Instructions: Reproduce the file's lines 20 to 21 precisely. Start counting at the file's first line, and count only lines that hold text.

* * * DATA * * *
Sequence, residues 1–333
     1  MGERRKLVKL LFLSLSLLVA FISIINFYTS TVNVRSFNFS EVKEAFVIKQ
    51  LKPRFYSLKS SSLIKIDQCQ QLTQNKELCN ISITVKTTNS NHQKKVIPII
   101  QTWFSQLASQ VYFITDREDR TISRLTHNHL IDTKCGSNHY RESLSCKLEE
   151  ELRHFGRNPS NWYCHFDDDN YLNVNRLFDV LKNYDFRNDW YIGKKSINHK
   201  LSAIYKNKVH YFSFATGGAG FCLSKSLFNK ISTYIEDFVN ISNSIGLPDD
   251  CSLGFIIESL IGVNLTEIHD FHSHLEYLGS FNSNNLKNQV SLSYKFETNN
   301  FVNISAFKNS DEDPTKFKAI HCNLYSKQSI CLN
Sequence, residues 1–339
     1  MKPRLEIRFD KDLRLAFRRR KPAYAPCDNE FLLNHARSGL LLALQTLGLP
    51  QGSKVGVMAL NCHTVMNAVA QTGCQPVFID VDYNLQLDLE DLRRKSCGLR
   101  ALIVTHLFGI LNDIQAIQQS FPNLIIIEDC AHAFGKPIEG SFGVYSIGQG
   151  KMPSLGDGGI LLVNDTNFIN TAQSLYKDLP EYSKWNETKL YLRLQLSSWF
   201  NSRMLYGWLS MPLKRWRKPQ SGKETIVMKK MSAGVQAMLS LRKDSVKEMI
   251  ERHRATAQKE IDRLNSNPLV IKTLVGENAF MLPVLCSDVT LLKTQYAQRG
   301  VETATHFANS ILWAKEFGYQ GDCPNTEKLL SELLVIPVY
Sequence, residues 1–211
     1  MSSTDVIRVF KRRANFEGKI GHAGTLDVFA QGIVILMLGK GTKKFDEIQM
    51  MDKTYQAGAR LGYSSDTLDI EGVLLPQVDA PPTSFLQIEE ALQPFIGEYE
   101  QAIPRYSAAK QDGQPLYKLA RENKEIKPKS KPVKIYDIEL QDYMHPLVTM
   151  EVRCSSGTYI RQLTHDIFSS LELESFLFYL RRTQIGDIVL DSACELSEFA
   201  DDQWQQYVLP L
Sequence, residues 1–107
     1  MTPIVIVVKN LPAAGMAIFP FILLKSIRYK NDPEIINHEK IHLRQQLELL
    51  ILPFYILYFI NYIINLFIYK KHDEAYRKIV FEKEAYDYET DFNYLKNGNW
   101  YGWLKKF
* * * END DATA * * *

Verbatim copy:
   101  QAIPRYSAAK QDGQPLYKLA RENKEIKPKS KPVKIYDIEL QDYMHPLVTM
   151  EVRCSSGTYI RQLTHDIFSS LELESFLFYL RRTQIGDIVL DSACELSEFA